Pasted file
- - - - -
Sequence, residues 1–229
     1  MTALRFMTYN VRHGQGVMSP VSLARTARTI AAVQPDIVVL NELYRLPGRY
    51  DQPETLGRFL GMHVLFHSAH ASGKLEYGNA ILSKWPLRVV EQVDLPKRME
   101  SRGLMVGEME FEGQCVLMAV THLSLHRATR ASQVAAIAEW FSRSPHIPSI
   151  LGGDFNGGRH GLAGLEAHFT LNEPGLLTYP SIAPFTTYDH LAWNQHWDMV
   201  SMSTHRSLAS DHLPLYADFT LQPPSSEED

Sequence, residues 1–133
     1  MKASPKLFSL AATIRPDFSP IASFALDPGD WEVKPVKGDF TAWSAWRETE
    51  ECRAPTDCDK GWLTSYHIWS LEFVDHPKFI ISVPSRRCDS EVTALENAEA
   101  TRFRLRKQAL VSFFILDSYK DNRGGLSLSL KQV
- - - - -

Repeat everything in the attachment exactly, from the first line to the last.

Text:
Sequence, residues 1–229
     1  MTALRFMTYN VRHGQGVMSP VSLARTARTI AAVQPDIVVL NELYRLPGRY
    51  DQPETLGRFL GMHVLFHSAH ASGKLEYGNA ILSKWPLRVV EQVDLPKRME
   101  SRGLMVGEME FEGQCVLMAV THLSLHRATR ASQVAAIAEW FSRSPHIPSI
   151  LGGDFNGGRH GLAGLEAHFT LNEPGLLTYP SIAPFTTYDH LAWNQHWDMV
   201  SMSTHRSLAS DHLPLYADFT LQPPSSEED

Sequence, residues 1–133
     1  MKASPKLFSL AATIRPDFSP IASFALDPGD WEVKPVKGDF TAWSAWRETE
    51  ECRAPTDCDK GWLTSYHIWS LEFVDHPKFI ISVPSRRCDS EVTALENAEA
   101  TRFRLRKQAL VSFFILDSYK DNRGGLSLSL KQV